Study further deduced that 39.5% of the respondents from employer holds customer relationship officer with in MFI office and out of office compared with 28.9% of the respondents from employer holds accountants which process the financial transaction horizontally and vertically for the clients and 21.1% of the respondents from the employer holds branch operational manager while 10.5% of the respondents from the employer holds both internal auditor and customer agent of the institution. Cumulatively this can be attributed to the fact that institution gives high care for the clients that most of the employees 39.5% of total are customer relationship officer.
Determinants of financial performance of damota branch omo microfinance institution.The respondents were asked to indicate whether they agree or disagree that various factors that determine the financial performance of respective MFI or not, and their finding were presented with respective tables.
Capital structure is major determining factor for financial performance of microfinance institutionThe respondents were asked if capital structure is a factor which determine the financial performance of MFI. A majority of respondents (73.7%) replied that they agreed with issue that capital structure affect the financial performance of omo microfinance institution. The finding of the research results was that capital structure is determining factor that mainly increase in capital structure of the institution which measures both debt and equity will increase the financial performance of the institution by providing well developed framework for every investment.
Table 4.1. capital structure and financial performance of microfinance institution analysis
Frequency Percent Valid Percent Cumulative Percent
Valid Strongly disagree 1 2.6 2.6 2.6
Disagree 5 13.2 13.2 15.8
Undecided 4 10.5 10.5 26.3
Agree 15 39.5 39.5 65.8
Strongly agree 13 34.2 34.2 100.0
Total 38 100.0 100.0 Source: primary data4.3.2. Capital adequacy is major determining factor for financial performance of microfinance institution71.1% of the respondents opine that capital adequacy is the determining factor of financial performance of a firm. The finding shows that when the capital is adequate with in a firm, the performance of the firm will increase in turn when the capital is not adequate, the entire movements of the institution will decrease due to weak access to capital that measures the percentages of risk weighted credit exposure up on capital.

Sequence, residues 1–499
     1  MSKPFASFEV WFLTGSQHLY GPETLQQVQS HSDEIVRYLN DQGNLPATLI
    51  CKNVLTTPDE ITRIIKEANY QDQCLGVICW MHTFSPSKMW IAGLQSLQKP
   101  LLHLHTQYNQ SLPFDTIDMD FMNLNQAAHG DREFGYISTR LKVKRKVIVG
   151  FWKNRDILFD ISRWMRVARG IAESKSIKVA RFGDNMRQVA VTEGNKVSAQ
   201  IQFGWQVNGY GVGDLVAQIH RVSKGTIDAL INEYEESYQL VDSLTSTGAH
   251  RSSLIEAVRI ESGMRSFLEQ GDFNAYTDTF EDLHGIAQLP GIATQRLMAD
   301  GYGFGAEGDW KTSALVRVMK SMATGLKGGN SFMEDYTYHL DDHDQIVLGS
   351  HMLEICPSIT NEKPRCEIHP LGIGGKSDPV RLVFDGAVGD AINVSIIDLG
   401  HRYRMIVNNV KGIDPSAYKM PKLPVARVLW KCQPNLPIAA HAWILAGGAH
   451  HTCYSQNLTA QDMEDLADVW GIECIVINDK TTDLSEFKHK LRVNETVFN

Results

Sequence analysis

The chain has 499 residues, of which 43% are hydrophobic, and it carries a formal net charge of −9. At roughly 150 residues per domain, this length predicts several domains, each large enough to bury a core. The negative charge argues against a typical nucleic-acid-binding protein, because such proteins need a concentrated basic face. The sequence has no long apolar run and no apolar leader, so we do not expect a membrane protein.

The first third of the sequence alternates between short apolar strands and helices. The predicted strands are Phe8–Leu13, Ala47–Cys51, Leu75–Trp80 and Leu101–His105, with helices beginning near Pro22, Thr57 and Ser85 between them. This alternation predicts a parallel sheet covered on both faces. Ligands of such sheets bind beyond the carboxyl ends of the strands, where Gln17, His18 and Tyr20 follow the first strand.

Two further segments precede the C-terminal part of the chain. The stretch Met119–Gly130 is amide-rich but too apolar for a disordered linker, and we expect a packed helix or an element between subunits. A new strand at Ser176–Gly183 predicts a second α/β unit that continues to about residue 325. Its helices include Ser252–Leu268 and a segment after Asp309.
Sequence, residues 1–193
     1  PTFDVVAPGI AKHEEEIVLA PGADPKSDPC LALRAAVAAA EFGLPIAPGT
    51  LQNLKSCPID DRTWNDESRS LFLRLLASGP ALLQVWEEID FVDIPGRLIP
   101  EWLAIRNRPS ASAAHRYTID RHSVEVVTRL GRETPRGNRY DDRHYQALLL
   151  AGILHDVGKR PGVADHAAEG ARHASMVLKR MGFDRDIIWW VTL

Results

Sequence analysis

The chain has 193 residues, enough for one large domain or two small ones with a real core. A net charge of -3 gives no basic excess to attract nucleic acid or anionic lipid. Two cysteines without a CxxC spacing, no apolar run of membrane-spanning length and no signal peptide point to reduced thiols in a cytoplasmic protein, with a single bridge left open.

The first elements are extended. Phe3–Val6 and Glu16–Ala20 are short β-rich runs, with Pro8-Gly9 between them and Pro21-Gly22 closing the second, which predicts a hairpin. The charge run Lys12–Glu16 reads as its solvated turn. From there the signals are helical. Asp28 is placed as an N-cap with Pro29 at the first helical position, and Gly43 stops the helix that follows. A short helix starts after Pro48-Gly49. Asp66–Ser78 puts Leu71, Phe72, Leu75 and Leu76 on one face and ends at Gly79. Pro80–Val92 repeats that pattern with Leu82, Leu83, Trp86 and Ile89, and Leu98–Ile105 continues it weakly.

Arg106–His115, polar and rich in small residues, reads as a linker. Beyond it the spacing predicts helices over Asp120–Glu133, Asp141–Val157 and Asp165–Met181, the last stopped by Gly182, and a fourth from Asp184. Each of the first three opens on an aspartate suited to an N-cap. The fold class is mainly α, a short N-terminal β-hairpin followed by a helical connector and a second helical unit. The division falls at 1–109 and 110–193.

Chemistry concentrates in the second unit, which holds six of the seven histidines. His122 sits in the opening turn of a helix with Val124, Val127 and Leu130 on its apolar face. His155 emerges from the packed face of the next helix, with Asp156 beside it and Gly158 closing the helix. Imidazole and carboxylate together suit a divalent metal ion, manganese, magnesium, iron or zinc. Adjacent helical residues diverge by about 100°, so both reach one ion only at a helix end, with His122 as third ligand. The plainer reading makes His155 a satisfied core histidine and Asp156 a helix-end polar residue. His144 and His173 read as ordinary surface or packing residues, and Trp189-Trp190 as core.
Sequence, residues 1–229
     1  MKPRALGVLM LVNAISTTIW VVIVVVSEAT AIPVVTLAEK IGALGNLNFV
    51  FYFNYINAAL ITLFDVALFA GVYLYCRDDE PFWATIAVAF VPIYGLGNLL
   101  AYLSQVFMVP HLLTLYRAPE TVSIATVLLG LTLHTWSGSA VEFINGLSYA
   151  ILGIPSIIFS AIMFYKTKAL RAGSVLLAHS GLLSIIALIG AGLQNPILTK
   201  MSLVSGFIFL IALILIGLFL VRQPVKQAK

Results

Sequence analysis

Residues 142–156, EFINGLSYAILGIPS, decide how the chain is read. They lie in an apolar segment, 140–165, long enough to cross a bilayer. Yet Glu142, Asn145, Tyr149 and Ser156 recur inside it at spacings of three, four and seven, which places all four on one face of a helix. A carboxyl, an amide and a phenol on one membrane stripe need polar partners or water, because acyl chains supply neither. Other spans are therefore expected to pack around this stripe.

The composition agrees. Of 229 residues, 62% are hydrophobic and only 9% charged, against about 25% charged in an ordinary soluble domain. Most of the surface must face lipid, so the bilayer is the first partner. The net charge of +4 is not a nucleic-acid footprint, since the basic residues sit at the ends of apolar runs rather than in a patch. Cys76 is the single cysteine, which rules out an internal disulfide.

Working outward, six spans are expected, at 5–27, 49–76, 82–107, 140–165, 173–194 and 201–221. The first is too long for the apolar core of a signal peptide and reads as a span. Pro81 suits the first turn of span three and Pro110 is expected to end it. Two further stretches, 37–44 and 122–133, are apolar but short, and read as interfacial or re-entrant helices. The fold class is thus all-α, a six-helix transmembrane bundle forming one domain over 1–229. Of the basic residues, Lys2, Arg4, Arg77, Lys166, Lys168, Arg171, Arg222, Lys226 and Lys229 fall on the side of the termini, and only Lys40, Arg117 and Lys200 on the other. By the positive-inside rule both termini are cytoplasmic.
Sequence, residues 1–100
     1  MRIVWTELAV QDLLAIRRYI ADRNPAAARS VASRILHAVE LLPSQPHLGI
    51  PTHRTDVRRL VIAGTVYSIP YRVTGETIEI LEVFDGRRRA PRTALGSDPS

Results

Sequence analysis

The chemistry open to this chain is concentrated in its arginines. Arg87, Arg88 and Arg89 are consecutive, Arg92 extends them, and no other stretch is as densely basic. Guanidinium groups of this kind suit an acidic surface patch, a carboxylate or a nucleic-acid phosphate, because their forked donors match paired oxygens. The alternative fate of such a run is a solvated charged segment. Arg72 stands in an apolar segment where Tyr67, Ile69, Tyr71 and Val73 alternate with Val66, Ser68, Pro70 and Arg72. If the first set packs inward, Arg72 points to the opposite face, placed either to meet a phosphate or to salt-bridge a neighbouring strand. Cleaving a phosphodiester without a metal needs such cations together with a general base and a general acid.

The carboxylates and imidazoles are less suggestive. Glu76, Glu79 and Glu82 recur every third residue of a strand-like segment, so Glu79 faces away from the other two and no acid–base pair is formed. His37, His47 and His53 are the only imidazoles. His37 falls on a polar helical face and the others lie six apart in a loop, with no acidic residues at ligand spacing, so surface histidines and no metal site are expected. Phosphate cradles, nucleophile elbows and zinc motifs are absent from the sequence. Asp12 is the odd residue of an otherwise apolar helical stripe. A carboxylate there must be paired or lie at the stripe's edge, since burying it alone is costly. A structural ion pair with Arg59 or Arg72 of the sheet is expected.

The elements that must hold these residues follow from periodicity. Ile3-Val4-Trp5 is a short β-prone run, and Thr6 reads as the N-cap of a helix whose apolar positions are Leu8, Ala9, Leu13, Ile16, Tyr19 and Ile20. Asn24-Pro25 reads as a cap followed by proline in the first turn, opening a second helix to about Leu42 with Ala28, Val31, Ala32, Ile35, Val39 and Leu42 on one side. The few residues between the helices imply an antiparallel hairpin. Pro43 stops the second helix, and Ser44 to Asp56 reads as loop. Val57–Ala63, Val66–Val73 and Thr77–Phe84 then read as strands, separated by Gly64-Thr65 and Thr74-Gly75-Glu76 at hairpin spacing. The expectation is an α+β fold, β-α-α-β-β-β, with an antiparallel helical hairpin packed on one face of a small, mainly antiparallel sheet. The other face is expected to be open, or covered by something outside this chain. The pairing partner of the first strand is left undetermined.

Table 4.2. Capital adequacy and financial performance of microfinance institution analysis
Frequency Percent Valid Percent Cumulative Percent
Valid Strongly disagree 1 2.6 2.6 2.6
Disagree 2 5.3 5.3 7.9
Undecided 9 23.7 23.7 31.6
Agree 15 39.5 39.5 71.1
Strongly agree 11 28.9 28.9 100.0
Total 38 100.0 100.0 Source: Primary data
4.3.3. Operational efficiency is major determining factor for financial performance65.8% of the respondents indicate they had agreed that the operational efficiency is a major determining factor for financial performance of microfinance institution. 26.3% of respondents were replied that they were unsure or neutral that the operational efficiency was a determining factor or not for a financial performance of microfinance institution. The remaining 10.5% of respondents replied that they disagree with the issue that operational efficiency is a determining factor for the financial performance of microfinance institution. From the response, the researcher noted that operational efficiency is the measuring point that should be kept well because every performance of the institution is directly or indirectly touched with operational efficiency of the institution. Finally, the operational efficiency is determining factor for the well stated financial performance of the institution.
Table 4.3. Operational efficiency and financial performance analysis
Frequency Percent Valid Percent Cumulative Percent
Valid Strongly disagree 1 2.6 2.6 2.6
Disagree 2 5.3 5.3 7.9
Undecided 7 18.4 18.4 26.3
Agree 15 39.5 39.5 65.8
Strongly agree 13 34.2 34.2 100.0
Total 38 100.0 100.0 Source: Primary data